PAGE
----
Cast of characters: [profile] glacier_scout is my father, he will pop on here and there. He’s mostly harmless, if prone to telling stories about me. Mom is self-explanatory. I have three siblings. The oldest, Elizabeth, is married to John. The middle is Sara, my disabled sister. Scroll back a few journal entries if you want more of the story about her. The youngest is my brother Thomas. The entire family actually gets on very well, so you will not hear many family horror stories. I’m far more likely to brag about how amazing they all are. Here in the Philippines my fellow teachers get referred to with Ma'am or Sir in front of their names. Padie Alyse is the chaplain of the school, and one of my closest friends here. I will talk about my students en masse, but never by a specific name. The same if I tell any stories about the day care kids back home. Main friends in the states not on lj (or not active anymore): Dana, her husband Ellis, Lierin, her husband Marco, any of my group of college friends. [profile] lady_tigerfish is probably my best friend in real life, but she's also rarely on lj.

Affiliations: Team Hufflepuff all the way. Light side of the Force over Dark side: they have cookies but we have pie and triple-chocolate brownies with caramel sauce. Wine, cider or mead over beer, tea over coffee at any time other than first thing in the morning, and sometimes even then. Vampire stories bore me, give me random aliens any day of the week.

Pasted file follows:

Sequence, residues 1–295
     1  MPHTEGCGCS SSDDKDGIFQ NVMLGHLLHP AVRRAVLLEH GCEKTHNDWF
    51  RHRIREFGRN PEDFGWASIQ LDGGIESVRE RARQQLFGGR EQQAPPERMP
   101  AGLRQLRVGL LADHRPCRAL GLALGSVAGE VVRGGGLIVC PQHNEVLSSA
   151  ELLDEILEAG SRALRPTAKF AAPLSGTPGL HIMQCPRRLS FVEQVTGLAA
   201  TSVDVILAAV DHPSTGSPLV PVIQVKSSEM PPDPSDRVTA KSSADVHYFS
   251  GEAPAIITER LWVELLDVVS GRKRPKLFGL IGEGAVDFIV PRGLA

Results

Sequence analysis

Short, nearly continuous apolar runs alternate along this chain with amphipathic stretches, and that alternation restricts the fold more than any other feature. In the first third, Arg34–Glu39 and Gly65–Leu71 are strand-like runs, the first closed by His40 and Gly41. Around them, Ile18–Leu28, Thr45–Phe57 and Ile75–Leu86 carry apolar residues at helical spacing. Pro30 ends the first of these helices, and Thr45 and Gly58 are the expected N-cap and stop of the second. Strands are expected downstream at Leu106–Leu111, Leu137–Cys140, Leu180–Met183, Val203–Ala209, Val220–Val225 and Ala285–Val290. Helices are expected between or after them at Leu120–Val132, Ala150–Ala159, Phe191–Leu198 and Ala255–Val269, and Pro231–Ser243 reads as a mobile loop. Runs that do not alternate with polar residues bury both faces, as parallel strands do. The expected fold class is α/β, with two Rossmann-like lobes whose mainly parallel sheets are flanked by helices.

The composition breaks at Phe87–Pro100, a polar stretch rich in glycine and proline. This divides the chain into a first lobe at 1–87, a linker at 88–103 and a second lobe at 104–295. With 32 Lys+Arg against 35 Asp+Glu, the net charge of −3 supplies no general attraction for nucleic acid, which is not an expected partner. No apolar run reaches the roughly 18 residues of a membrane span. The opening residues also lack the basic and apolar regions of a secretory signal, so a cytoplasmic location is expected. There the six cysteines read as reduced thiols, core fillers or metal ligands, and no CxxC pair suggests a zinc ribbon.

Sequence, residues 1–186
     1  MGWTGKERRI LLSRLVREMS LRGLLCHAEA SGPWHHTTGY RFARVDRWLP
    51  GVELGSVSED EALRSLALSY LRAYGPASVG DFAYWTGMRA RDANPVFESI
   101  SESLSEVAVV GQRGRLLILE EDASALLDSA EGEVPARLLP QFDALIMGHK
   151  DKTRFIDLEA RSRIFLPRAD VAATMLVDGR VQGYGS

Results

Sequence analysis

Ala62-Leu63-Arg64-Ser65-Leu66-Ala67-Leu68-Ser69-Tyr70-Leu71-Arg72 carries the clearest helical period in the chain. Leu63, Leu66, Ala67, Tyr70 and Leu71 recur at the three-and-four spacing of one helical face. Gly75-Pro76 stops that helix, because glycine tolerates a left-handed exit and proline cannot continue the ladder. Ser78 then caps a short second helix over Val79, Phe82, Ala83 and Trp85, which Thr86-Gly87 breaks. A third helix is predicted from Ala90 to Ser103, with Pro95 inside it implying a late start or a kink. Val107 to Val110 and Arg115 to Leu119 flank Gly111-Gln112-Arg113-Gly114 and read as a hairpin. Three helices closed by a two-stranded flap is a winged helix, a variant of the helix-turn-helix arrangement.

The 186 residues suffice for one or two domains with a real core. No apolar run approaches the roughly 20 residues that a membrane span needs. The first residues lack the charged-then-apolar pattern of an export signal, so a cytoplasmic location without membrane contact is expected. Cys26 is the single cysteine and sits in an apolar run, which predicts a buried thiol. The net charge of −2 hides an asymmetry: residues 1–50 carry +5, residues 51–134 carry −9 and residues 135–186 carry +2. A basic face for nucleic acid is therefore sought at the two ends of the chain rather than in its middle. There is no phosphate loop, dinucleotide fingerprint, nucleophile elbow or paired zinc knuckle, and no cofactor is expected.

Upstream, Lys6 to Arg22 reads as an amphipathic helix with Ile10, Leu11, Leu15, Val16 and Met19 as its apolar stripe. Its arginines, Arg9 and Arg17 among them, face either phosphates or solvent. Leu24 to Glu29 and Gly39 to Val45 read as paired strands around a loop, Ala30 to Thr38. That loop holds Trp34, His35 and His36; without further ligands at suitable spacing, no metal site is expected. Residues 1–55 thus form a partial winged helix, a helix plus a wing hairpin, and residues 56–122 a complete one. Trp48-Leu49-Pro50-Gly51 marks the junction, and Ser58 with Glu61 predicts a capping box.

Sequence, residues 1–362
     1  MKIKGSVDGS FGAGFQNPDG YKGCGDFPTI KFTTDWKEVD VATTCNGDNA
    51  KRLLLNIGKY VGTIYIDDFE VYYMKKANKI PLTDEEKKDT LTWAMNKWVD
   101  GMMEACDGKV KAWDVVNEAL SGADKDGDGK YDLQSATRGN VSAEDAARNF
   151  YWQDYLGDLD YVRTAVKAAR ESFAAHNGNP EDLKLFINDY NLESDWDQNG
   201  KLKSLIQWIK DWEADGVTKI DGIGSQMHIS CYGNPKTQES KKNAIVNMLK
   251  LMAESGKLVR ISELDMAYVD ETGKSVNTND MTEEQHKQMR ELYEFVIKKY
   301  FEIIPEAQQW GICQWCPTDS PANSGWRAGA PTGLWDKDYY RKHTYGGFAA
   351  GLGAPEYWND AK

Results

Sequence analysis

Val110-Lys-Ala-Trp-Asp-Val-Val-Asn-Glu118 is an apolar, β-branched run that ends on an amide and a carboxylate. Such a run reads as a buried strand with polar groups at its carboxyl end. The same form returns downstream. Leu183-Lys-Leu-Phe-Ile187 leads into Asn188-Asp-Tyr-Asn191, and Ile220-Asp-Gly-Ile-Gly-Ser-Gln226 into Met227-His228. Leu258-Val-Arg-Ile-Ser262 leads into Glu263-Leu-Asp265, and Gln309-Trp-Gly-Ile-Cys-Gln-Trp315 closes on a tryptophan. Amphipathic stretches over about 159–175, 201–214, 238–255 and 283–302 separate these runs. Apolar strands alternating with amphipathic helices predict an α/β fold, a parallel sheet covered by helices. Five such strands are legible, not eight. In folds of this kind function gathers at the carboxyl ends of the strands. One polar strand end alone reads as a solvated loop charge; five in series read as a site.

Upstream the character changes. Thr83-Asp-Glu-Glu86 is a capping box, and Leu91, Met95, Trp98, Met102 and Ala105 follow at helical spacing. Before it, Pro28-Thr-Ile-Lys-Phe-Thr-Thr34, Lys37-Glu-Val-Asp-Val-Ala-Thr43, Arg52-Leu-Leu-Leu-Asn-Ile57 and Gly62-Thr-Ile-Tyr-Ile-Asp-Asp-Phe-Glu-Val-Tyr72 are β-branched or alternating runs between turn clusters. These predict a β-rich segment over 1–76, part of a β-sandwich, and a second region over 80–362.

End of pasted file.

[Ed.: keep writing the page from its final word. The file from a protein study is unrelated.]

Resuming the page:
Random facts: I once ran Medieval Society in college, and was the head of Hufflepuff house at my college HP club at the same time. I used to hate speaking in public: what giving a report about dolphin testicles didn’t cure, teaching in the Philippines has thoroughly fixed. My seventh grade students just tried to guilt me into staying another 5 years to keep teaching them all the way through high school by threatening to cry if I left. I run a blog here about my experiences as a missionary in the Philippines if you want to know more of what I'm doing than I list here. That's my official blog, it gets the points when I'm not giggling about the eggplant race or banging my head against the desk after grading test papers.


mari4212: calla lily against a black background (Default)

February 2017

56 7891011


RSS Atom

Most Popular Tags

Style Credit

Expand Cut Tags

No cut tags
Page generated Sep. 23rd, 2017 03:56 am
Powered by Dreamwidth Studios